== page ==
OPEC SHOULD TRIM EXPORTS AND LET MARKETS DO THE REST

The Organization of Petroleum Exporting Countries still has much to learn.

It just can't give up politics.

For 2 years, the exporters' group has deftly managed production at the margin of the oil market against vacillating demand. After the price collapse of late 1997 through early 1999, it seemed to have learned how important it is to base production adjustments on early signs of demand swings.

The market had become sophisticated enough to outrun OPEC's formerly ponderous decision-making and supply responses. Indeed, OPEC aggravated market swings in 1997 and early 1999 by acting too late.

After that, however, it acted more preemptively, trying to head off major market imbalances and consequent price lurches. It earned praise from most observers for its adroit management of supply.

Now, however, comes the hard part.

It's easier to succeed as the marginal supplier when demand is growing than it is when things are heading the other way.

That's what's happening now. This year's economic slowdown, aggravated by the terrorist attacks of Sept. 11, has all but snuffed growth in global consumption of oil products.

Already this year, OPEC has cut its group quota by 3.5 million b/d. And it acknowledges the need to do more.

In Vienna this week, the group said "all producers" needed to remove 2 million b/d from the market. It said its members would trim collective output by a further 1.5 million b/d.

Then it went a step too far. It made its action contingent on a "firm commitment" by nonmembers by a simultaneous cut of 500,000 b/d.

That's asking too much. The market doesn't work that way-and shouldn't.

If OPEC is correct that the market needs 2 million b/d less supply. If it is willing to cut by only 1.5 million b/d, the other 500,000 b/d will go away naturally.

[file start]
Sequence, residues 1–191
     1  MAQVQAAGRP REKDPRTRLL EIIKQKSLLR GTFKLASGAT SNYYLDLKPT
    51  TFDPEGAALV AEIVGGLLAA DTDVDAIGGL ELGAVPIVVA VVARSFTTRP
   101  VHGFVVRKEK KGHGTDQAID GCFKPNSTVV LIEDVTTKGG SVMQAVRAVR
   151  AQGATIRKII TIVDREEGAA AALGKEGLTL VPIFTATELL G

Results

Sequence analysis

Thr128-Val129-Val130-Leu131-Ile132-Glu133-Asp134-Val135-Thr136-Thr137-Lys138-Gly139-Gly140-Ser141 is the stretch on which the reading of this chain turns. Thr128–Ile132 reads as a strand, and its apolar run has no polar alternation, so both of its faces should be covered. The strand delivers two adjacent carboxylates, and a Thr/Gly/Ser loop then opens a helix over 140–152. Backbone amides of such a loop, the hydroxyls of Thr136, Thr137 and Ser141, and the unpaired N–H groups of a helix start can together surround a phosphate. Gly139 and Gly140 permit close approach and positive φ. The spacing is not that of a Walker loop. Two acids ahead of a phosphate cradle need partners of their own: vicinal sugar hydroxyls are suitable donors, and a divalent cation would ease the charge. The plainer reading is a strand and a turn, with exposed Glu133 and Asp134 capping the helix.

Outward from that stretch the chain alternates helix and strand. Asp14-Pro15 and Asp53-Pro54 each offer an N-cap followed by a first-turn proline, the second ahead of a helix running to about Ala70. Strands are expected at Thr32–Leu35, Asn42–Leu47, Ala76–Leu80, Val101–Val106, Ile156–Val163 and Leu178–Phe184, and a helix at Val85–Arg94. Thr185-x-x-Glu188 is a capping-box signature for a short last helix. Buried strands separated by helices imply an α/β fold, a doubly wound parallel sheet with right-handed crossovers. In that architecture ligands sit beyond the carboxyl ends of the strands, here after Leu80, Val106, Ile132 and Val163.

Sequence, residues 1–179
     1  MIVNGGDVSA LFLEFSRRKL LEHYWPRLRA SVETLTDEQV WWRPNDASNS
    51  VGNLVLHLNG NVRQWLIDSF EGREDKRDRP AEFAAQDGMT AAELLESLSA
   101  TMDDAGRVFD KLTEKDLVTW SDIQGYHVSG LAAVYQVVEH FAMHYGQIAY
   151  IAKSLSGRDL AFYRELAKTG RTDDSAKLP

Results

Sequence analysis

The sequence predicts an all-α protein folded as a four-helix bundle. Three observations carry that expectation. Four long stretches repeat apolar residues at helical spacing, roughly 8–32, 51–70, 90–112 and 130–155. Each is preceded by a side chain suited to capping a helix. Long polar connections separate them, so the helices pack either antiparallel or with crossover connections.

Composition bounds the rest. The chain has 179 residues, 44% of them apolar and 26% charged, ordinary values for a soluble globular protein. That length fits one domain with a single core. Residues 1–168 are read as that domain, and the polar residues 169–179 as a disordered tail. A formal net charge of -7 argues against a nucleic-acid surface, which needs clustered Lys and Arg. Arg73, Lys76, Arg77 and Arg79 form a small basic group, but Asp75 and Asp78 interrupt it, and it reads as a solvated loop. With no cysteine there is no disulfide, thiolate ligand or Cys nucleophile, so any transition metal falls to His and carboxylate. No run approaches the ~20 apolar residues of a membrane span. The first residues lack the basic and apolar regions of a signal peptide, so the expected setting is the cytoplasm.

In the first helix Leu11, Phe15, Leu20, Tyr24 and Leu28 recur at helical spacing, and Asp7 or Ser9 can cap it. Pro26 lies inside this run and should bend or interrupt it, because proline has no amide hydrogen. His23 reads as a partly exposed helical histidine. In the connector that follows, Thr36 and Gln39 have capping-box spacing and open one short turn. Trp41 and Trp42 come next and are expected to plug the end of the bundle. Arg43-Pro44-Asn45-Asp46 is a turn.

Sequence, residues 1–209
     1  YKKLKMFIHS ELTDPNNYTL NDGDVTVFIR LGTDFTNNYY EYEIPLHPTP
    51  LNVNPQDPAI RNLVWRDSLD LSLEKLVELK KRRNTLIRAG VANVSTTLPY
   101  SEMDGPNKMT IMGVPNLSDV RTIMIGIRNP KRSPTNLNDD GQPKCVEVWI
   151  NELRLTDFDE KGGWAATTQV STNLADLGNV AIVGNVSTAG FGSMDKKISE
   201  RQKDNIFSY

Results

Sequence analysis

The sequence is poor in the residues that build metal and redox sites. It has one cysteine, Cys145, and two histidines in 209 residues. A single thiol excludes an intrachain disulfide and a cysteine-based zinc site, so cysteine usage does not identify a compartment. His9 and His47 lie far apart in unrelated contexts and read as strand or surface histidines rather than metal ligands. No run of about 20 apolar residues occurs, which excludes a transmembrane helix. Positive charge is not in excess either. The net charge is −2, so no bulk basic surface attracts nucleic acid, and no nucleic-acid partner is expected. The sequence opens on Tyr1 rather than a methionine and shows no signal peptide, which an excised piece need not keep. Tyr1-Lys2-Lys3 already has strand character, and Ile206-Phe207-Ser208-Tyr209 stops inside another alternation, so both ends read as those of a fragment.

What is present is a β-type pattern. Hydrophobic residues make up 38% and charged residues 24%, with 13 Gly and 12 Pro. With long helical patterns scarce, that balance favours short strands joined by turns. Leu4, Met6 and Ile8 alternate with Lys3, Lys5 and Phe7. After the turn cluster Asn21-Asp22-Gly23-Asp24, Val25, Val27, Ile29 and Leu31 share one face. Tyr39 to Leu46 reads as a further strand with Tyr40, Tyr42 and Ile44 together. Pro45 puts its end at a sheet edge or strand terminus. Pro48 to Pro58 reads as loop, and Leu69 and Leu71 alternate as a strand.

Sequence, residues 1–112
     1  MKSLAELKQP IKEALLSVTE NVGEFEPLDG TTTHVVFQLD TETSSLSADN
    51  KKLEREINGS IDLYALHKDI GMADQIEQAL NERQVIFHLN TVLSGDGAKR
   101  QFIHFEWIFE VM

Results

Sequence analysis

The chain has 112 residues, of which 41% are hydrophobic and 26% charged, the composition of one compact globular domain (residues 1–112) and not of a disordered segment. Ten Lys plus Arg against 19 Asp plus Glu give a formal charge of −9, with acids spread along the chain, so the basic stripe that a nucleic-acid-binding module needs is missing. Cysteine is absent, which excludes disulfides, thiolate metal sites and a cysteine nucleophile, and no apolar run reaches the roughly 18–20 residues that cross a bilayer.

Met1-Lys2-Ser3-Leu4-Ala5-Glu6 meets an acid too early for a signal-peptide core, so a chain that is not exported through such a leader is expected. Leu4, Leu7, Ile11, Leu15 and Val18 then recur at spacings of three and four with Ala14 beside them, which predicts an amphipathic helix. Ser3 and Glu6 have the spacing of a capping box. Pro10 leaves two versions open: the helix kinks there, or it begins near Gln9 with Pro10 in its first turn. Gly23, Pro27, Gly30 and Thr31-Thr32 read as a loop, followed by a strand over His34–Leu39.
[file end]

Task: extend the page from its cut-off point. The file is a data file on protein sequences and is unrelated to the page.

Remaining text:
Because there will be 500,000 b/d too much oil sloshing about (if OPEC's projections are right), prices will fall. And producers with the highest costs will shut in wells.

It happens every time. It'll happen this time.

Why the need for a "firm commitment?" That's a useless step toward politics and dangerous step away from market freedom. It's another reason for an already suspicious consuming world to believe that oil prices result from collusion rather than market dynamics.

Producers and consumers alike are better off when the oil market works with as much freedom as is practicable under the delivery system's physical realities. Indeed, the market works impressively most of the time, even with an exporters' group managing supply at the margin.

That situation is tolerable only as long as the exporters base their decisions on market conditions and not politics.

The sudden demand for greater collusion is not healthy-not for the market, not for consumers, not for the industry, and least of all for OPEC itself.

Related Articles

After Keystone nod, Congress should okay ANWR leasing

01/30/2015 Now that it has passed legislation supporting the Keystone XL pipeline, Congress should approve oil and gas leasing of the Arctic National Wildlife...

Data refute Lew’s claims about taxes paid by producers

01/23/2015

On the subject of taxation, administration officials count on the public to believe anything.

Market watchers’ adjustments offer hints of recovery

01/16/2015 Because markets look ahead, changes in standard forecasts offer potentially important signals during storms such as the one now pummeling the oil a...

Study probes link between US dollar’s value and oil price

01/09/2015

While the US dollar’s value against other currencies influences the price of oil, the relationship is complicated.

Condensate export status a problem with easy solution

01/02/2015 Some perplexing problems have simple solutions. A problem perplexing US producers and regulators is the status of condensate relative to the longst...

For the US economy, a falling oil price has drawbacks, too

12/19/2014

Cheer in the US about an economic lift from falling oil prices needs qualification.

Can ersatz meat ease climate heat on fossil energy?

12/12/2014

Human food from animals might represent a stronger lever for climate-change mitigation than was indicated by a study reported here last week.

Study: To cool climate, eat less meat, milk

12/05/2014

Meeting stated goals for Earth’s climate requires not only using pricey energy but also spurning animal protein.

OPEC was destined not to cut output in Vienna meeting

11/26/2014 The Organization of Petroleum Exporting Countries was destined not to cut production to defend the price of crude at its ministerial meeting Nov. 2...